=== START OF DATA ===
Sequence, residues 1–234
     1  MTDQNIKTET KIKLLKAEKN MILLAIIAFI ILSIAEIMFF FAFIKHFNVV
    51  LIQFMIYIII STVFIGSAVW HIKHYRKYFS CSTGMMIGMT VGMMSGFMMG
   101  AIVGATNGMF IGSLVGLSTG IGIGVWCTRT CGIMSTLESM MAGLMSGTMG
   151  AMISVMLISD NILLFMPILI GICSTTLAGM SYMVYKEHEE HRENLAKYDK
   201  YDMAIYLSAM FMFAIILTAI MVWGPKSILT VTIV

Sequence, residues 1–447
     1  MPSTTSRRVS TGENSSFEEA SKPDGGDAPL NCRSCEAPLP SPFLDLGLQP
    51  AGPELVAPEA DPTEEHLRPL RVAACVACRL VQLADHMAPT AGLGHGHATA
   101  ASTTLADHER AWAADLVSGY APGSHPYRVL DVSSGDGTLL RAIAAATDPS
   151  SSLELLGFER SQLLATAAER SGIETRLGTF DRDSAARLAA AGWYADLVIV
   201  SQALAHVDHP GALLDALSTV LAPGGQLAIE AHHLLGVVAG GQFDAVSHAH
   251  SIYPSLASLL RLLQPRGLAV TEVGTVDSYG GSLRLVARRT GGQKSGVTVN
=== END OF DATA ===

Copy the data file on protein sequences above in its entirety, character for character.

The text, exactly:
Sequence, residues 1–234
     1  MTDQNIKTET KIKLLKAEKN MILLAIIAFI ILSIAEIMFF FAFIKHFNVV
    51  LIQFMIYIII STVFIGSAVW HIKHYRKYFS CSTGMMIGMT VGMMSGFMMG
   101  AIVGATNGMF IGSLVGLSTG IGIGVWCTRT CGIMSTLESM MAGLMSGTMG
   151  AMISVMLISD NILLFMPILI GICSTTLAGM SYMVYKEHEE HRENLAKYDK
   201  YDMAIYLSAM FMFAIILTAI MVWGPKSILT VTIV

Sequence, residues 1–447
     1  MPSTTSRRVS TGENSSFEEA SKPDGGDAPL NCRSCEAPLP SPFLDLGLQP
    51  AGPELVAPEA DPTEEHLRPL RVAACVACRL VQLADHMAPT AGLGHGHATA
   101  ASTTLADHER AWAADLVSGY APGSHPYRVL DVSSGDGTLL RAIAAATDPS
   151  SSLELLGFER SQLLATAAER SGIETRLGTF DRDSAARLAA AGWYADLVIV
   201  SQALAHVDHP GALLDALSTV LAPGGQLAIE AHHLLGVVAG GQFDAVSHAH
   251  SIYPSLASLL RLLQPRGLAV TEVGTVDSYG GSLRLVARRT GGQKSGVTVN